GOES-10 Science Test
Weather Synopsis - 07 April/12UTC to 08 April/12UTC 1998
The upper air pattern was characterized by a weak blocking ridge over southern Canada, with a very strong (130 knot) jet undercutting the block across the southern United States. A broad trough persisted over the western U.S., with a slow-moving closed low over the central Plains and another shortwave crossing the southern Rockies into the southern Plains. A weak ridge aloft was situated along the East Coast.
At the surface, an occluding low over eastern Kansas and Nebraska moved slowly northeastward into Iowa. A warm front was lifting northward across Missouri, Illinois, Indiana and Ohio, while a cold front/dryline moved across Oklahoma and Texas toward the lower Mississippi valley region.
Another cold front moved southward from the northern Plains into the central Plains, providing a reinforcing shot of cold air behind the Kansas/Nebraska surface low. In the West, a frontal system approached northern California.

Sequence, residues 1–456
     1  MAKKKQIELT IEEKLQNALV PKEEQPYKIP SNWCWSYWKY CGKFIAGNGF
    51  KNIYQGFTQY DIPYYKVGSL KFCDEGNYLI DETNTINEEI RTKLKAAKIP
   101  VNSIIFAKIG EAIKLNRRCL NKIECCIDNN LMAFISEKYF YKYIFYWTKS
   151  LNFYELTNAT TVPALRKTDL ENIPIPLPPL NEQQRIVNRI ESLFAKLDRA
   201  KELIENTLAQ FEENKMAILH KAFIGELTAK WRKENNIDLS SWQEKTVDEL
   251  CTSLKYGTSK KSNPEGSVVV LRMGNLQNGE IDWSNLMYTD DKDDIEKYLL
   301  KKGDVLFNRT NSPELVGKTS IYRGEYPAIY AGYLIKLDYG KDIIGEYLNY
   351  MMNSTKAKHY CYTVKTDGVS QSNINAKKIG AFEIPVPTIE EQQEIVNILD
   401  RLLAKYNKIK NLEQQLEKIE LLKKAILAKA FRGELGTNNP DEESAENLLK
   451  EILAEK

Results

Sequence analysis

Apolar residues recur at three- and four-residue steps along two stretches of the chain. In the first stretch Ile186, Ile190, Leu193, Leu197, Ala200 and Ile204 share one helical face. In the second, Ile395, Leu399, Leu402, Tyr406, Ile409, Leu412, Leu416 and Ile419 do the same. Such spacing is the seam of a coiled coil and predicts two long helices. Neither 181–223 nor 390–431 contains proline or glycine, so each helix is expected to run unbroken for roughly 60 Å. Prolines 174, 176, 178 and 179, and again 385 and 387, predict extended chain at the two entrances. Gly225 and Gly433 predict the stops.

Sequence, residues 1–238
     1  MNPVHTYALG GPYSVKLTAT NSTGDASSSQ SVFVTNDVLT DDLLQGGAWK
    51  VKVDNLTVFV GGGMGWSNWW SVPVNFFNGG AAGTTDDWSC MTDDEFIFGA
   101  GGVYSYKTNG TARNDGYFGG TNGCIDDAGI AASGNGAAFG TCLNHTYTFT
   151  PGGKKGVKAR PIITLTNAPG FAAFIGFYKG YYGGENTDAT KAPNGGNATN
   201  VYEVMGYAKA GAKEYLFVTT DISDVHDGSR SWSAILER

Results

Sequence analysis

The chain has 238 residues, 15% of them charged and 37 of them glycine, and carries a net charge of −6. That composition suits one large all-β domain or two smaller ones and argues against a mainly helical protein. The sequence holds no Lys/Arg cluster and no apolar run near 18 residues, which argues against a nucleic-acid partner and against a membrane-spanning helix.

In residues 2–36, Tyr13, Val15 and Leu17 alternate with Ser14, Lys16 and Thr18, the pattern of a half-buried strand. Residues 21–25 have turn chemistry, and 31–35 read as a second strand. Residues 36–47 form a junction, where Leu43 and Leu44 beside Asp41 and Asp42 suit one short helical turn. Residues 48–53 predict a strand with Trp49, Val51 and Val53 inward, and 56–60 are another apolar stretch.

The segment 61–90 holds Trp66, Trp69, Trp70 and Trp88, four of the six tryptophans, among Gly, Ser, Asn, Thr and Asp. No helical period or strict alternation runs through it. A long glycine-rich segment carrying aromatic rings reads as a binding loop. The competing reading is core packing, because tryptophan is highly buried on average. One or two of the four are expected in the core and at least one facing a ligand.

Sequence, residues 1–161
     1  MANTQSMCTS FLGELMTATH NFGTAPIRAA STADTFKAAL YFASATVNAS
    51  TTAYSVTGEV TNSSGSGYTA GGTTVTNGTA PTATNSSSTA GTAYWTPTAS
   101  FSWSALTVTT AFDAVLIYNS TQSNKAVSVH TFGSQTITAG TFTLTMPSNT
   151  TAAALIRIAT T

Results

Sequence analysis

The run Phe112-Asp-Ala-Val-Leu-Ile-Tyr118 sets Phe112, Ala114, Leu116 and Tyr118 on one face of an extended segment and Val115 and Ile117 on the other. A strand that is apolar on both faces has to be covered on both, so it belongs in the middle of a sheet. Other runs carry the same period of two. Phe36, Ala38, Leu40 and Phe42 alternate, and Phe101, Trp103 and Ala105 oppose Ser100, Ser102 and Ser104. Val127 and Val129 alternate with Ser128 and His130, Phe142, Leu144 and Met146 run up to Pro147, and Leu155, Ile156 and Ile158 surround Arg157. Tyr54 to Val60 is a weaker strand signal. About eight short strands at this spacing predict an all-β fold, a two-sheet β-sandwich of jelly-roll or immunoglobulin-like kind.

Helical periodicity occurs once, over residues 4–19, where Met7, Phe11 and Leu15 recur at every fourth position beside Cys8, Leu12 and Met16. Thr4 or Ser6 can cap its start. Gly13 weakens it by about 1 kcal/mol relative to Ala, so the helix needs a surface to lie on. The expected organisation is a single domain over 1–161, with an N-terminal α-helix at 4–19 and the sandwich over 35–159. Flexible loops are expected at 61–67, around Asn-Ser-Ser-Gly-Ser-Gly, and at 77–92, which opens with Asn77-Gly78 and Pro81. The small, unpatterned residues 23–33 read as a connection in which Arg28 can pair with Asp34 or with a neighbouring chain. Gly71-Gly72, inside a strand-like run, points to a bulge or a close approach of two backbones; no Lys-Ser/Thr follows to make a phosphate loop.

Strong convection erupted across the much of the central U.S., and also over the southern Plains. Much of the strongest convection was focused by enhanced low-level convergence and warm air advection lifting along the warm front across Iowa, Illinois, and Indiana. Multiple tornadoes were reported across Iowa and Illinois, with one tornado reported in Texas. Numerous reports of large hail were received across Illinois (up to 4.5 inch diameter hail), Iowa, Missouri, and Texas (each reporting hail as large as 1.75 inch diameter). Smaller hail or damaging winds were reported over Missouri and Oklahoma.
Precipitation was widespread from the northern Plains into the Ohio Valley and New England. Boundary layer convergence north of the slow-moving central Plains low helped to enhance rainfall rates over Nebraska and Iowa -- 2.5 inches of rain was recorded at Offutt Air Force Base near Omaha, with 1.75 inches a t Omaha. Convection produced rainfall accumulations up to an inch over parts of Missouri, Illinois, Indiana and Ohio.
Rainfall totals from convection across Texas, Arkansas and Louisiana into the Tennessee Valley region were generally in the 0.5 to 1.0 inch range.
Widespread snow fell across much of the Rockies, with amounts up to 6-11 inches in parts of Colorado and Utah. Light snow was also reported in northern Minnesota.